Mama, do we die when we sleep? Explores Wonder in a World of Responsibility

Part of the Dancing on the Edge Festival in Vancouver, Rachel Meyer’s work was inspired by the question posed by her two-year-old daughter By Rachel Silver Maddock
  • Stéphanie Cyr and Calder White / Photo by David Cooper

Vancouver’s Dancing on the Edge Festival 2021 kicked off with a welcome return to live performance on the West Coast. Mama, do we die when we sleep? by Rachel Meyer was not the only sold-out show on the program, but it did sell out remarkably fast, even when extra tickets were added last-minute.

The energy of the Russian Hall in Vancouver’s Strathcona neighbourhood was palpable as the audience, high up in risers, waited for the anticipated July 14 premiere (three shows ran from July 14 to 16). Meyer, a former member of Ballet BC, showed the beginnings of the work at last year’s festival with a short film, Excerpts from a Work in Progress. A studio showing produced by The Dance Centre in June further whet the appetite for the full stage version.

Onstage, there are scattered wooden ladders, pieces of clothing and a huge heap of wooden chairs upstage left. The work softly eases into performance as Josh Martin pushes a broom around the space to gentle piano music. Calder White sits on a chair with his back to the audience. With small jerks and twitches, he seems to be battling an internal force as light narrows around him. Falling suddenly off the chair, he begins a tormented solo where he seems to be losing a battle with gravity – lifting one arm and then the other before they smack down behind him. 

As White dances, Meyer moves around the edges, folding pieces of fabric and rearranging chairs. This sets up a theme for the work – where technical expressive movement is framed by peripheral action at the sides of the stage. It’s a choreographic choice that seems to relate to the work’s subject, exploring imagination and wonder and where they exist in an adult world of responsibility and reality. 

The festival’s website explains that Mama, do we die when we sleep? was inspired by the question posed by Meyer’s two-year-old daughter. It explores how our capacity for wonder shrinks as we define our world. In the work, practical actions like rearranging the set occur beside fully formed theatrical vignettes and phrases, showing how the two pursuits occur around (and perhaps in spite of) each other.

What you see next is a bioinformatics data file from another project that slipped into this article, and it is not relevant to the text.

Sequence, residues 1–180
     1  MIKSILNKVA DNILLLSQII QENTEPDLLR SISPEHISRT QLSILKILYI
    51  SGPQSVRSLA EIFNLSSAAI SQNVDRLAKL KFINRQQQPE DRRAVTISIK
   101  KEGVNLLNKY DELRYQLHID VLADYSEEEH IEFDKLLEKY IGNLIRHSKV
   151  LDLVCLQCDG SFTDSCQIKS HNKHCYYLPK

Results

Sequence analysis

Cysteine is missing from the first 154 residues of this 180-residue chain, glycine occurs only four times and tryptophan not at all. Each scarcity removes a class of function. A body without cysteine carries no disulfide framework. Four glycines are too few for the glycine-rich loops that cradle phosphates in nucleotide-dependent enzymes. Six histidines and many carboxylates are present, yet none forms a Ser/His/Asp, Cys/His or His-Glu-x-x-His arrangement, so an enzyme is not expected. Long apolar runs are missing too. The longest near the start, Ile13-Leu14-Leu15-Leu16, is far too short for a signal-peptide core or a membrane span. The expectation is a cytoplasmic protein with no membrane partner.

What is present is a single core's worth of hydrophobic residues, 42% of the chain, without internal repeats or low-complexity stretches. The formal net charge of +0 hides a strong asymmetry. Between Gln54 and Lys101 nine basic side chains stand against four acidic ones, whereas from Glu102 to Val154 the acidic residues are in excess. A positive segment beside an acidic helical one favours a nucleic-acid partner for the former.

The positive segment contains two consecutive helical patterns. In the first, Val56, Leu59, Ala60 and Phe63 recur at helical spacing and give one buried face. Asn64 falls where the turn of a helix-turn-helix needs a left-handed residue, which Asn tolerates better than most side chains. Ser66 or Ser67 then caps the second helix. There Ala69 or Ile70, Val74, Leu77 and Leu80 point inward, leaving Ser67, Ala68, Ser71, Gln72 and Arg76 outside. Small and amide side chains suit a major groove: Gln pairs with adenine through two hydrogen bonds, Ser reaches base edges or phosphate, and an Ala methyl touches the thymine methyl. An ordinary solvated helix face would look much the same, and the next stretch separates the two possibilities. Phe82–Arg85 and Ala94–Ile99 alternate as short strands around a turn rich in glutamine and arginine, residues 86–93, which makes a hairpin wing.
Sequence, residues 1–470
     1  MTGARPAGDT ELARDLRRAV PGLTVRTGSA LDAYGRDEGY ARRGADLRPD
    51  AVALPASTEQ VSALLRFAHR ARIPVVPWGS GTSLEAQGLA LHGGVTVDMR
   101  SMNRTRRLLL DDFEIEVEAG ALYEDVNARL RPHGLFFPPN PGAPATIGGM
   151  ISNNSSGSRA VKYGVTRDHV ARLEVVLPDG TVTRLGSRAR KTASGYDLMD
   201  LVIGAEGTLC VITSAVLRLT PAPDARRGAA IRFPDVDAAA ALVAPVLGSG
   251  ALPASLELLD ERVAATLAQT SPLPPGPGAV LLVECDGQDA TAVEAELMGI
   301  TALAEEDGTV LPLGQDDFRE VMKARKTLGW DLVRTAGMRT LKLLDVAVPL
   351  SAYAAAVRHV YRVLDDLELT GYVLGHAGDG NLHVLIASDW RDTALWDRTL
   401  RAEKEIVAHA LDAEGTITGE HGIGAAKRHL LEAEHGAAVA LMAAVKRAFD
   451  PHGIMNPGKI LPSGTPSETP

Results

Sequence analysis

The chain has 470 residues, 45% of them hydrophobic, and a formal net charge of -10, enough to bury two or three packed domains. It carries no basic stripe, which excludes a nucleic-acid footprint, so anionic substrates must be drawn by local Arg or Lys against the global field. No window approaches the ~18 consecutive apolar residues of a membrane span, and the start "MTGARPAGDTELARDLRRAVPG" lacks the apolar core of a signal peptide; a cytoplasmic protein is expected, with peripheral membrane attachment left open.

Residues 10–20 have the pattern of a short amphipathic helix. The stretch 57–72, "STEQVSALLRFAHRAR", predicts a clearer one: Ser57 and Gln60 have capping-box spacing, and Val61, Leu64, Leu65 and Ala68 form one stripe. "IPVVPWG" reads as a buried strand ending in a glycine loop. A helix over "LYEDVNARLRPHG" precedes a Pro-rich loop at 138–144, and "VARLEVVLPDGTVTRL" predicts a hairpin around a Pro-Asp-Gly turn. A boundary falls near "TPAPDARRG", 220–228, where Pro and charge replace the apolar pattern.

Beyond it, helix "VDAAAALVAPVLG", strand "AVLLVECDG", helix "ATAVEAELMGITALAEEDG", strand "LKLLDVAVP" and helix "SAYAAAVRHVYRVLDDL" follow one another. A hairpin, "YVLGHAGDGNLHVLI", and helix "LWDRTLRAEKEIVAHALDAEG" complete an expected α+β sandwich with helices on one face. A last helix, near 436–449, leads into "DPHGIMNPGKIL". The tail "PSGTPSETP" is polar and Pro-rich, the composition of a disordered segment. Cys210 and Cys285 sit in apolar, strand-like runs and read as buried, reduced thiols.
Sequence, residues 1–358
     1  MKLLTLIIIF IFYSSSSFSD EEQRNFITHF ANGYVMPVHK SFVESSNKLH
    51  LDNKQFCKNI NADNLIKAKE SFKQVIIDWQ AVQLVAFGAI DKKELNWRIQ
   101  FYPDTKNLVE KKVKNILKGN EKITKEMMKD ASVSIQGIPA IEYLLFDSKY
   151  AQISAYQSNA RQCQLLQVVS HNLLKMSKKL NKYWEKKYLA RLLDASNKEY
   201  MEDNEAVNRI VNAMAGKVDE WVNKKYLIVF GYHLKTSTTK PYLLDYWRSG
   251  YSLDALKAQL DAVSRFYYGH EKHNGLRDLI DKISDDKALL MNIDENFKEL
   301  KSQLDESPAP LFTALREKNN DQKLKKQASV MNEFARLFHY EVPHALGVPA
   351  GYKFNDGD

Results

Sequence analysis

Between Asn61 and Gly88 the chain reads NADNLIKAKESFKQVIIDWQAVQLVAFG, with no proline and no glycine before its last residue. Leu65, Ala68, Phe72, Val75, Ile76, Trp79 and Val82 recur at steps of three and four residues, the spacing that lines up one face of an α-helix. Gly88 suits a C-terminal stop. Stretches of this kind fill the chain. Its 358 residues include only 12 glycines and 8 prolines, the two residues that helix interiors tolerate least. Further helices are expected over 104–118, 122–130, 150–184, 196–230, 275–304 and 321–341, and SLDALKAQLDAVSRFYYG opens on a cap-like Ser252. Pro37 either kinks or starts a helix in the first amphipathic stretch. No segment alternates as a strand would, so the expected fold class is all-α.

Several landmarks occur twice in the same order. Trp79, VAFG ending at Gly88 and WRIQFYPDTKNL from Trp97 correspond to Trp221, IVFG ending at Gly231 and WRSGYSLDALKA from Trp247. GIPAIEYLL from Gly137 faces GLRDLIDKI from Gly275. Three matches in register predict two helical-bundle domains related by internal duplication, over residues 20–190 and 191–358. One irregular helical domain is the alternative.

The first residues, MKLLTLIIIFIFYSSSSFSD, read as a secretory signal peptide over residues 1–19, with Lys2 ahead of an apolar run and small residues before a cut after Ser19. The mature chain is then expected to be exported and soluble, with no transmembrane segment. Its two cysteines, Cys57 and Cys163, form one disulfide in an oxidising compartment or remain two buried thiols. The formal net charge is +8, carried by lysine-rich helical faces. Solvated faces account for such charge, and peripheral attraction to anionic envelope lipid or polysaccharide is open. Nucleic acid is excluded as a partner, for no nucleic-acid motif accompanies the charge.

Inside of this strong and relatable theme, White, Martin, Meyer and Stéphanie Cyr are confident, virtuosic movers. Relationships and characters emerge along the way. Martin’s suit jacket gives him an air of responsibility, and as he balances on one leg of a chair or hoists Cyr in the air, he seems like a parent trying his best to hold things together. Clothing becomes a metaphor, later, when Martin tries to dress White as he resists, dancing around playfully. As the soundscape by James Maxwell (which weaves Chopin into a contemporary synthesized score) builds tension, Martin finally succeeds in dressing White in “adult” clothing, and White’s formerly carefree movement is stifled into a tortured stillness that recalls the work’s beginning. Watching him struggle to stay still, frustration mounting as if to explode, is moving. 

Huge pieces of sheer blue fabric and tall ladders create a world rich with interpretive possibility, and the dancers use objects in surprising ways. But in the most exciting moments, the movement is the central focus. During a meticulously choreographed floorwork section involving all four dancers, complex canons make each dancer seem like an echo of the others. Partner work and group contact phrases stretch and pull the space, with dancers showing impressive physical stamina. 

A memorable vignette just after intermission repeats over and over like Groundhog Day. It is Martin who shines in this section, with a solo that deconstructs as the music gets faster and the set closes in around him. The effort to make something beautiful amidst distractions and interruptions is a poignant encapsulation of the theme. 

As a performer, Meyer stays out of the spotlight until near the end, when she emerges wearing a sheer dress. The music becomes emotive in this last part, and it is a pleasure to witness maskless dancing as Meyer performs a final solo (even as the other dancers move set pieces around the stage), her face communicating some kind of breakthrough or resolution.

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